Tuesday, 29 September 2009

Grassmarket - Port City Album Review (2009)

I like discovering new bands. And when they are Canadian folk bands it is even better. This is another review for Altsounds.

The review...

In no way connected to the district of Edinburgh in Scotland, Grassmarket is a trio of folk musicians from Nova Scotia, Canada. Following the seven track EP Waiting, Port City is the band’s first full-length recording combining pop tunes with banjo, guitar and violin driven North American roots. Penelope Jackson, Dan MacCormack and David Bradshaw all share vocal duty and instruments throughout the Jackson/MacCormack compositions; songs that transcend the years, connecting the old with the new, blending fresh ideas with traditional sounds and textures.

Opener Endless Summer is a gliding ballad building slowly to a soft harmonious chorus keeping the consistent feel right to the wordless ending - a perfectly controlled four minutes. Jackson takes lead vocal for the sublime This Is The Life, her voice bringing together elements of Thea Gilmore, Elana James (Hot Club of Cowtown) and Rebecca Taylor (Slow Club) to create a magically evocative voice of clear quality and depth. After a short guitar solo she is joined by the guys for a brief time before they hand her the last word. Miles And Miles is different again, underpinned with a frantic jolly banjo that gives the song an odd urgency, for the vocals are slower and measured, bringing in the trio of voices for the chorus. Into the last minute is the world’s smallest guitar solo. Lyrically, the themes wander into “I’ll trade mine for the life of a Yeti, I’ll be my own disguise. Running free on the frozen Serengeti…”.

The best song on the first half of Port City is the beautiful It’ll Be Dark, again sung by Jackson and a gorgeous melody allowed to glide across the sparse music. Into Good Man, and some of the best music on the album and a much more traditional feel. “As you come across the prairies, leave your trouble in every town, and the next time you climb Kelly’s mountain, you’ll be light enough to float back down…” is more wonderful song writing. Heartful is a sweet minute and a half blast to complete the Jackson trilogy. It should be twice as long but races through it’s brief lifetime, from frenetic verse: “My boy smells of grass and clover, chase a rock and turns it over, intrepid and unsteady rover. Little boy, a heart full of joy…” to a clever chorus of glorious vocal sparing.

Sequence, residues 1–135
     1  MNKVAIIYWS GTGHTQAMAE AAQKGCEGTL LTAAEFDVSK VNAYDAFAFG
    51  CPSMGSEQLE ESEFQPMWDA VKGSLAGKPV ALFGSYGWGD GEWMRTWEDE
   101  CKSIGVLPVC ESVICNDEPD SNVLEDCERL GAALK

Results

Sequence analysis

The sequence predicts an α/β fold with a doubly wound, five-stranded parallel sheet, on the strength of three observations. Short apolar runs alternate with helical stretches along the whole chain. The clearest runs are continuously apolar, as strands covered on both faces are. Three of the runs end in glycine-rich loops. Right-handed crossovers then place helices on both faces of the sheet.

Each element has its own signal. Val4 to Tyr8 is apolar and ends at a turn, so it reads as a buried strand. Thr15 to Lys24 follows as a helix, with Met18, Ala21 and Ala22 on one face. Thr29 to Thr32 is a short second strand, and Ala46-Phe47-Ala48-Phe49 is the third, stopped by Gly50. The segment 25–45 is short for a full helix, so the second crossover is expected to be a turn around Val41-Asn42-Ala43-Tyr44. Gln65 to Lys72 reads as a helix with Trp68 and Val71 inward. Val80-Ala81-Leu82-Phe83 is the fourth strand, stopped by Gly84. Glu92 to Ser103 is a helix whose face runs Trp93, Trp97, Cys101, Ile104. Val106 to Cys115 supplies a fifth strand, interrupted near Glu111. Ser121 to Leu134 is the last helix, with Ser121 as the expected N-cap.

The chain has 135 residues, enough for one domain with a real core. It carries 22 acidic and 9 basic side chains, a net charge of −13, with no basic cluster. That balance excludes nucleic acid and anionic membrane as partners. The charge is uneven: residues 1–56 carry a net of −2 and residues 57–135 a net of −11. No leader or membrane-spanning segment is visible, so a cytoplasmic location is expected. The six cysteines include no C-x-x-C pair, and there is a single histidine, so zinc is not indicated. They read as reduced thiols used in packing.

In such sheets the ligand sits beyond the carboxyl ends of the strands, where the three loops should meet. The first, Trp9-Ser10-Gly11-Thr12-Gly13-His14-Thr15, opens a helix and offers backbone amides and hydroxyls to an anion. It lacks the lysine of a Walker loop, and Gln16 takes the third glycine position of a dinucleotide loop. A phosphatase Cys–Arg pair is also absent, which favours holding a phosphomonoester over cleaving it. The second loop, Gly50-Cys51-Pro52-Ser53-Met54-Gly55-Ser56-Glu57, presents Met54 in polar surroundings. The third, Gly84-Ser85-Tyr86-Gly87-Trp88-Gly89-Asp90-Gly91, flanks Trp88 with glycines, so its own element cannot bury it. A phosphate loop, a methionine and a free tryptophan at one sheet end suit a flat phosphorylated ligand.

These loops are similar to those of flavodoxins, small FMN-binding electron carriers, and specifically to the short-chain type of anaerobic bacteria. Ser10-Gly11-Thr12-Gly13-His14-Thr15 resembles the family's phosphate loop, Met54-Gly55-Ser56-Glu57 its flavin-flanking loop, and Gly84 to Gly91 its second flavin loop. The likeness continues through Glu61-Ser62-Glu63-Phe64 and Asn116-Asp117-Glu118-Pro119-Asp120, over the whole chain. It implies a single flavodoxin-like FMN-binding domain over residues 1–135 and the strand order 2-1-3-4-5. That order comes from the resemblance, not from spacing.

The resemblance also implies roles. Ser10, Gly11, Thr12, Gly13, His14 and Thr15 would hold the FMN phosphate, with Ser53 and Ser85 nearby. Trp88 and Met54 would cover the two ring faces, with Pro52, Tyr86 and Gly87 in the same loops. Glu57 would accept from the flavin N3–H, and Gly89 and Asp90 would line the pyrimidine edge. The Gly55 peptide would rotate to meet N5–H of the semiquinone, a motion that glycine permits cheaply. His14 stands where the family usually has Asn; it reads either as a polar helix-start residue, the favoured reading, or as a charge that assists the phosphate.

A Canadian roots album would not be the same without one song about the country. Bearkill At Quajon Fiord (a coastal area in Nunavut, the largest and newest federal territory in Canada) rattles through its instrumental two and bit minutes like the soundtrack to a silent movie or a cool episode of Wacky Races. Brilliantly played and thoroughly enjoyable. Road Often Travelled brings back the lyrics, the life story of family life and leaving your friends. More sultry vocals are combined with stark harmonica. Another short track, the tongue-in-cheek I’m Gonna Make A Great Fossil follows with more great lyrics “…my footprint in the rock. I‘m gonna be the subject of future Archaeological talks…” then duelling vocals right to the end. But the best is left until last. The whimsical title track closes things in style, changing pace and slowly building the instrumentation into the last minute before a harmonious finale.

Port City delivers exactly what it promises. The musical threesome combine harmonies and instrumentation with talent and charm, juxtaposing the quick and the slow, the old and the new, and different lyrical and vocal styles. A constant joy, this is music to get lost in. If there is a criticism, Port City is just a bit too short. At just shy of half an hour, it is over too quickly but great while it lasts. This music will never change the world. But it will preserve a small yet celebrated part of it for future proud generations.

-- CS (for Altsounds)

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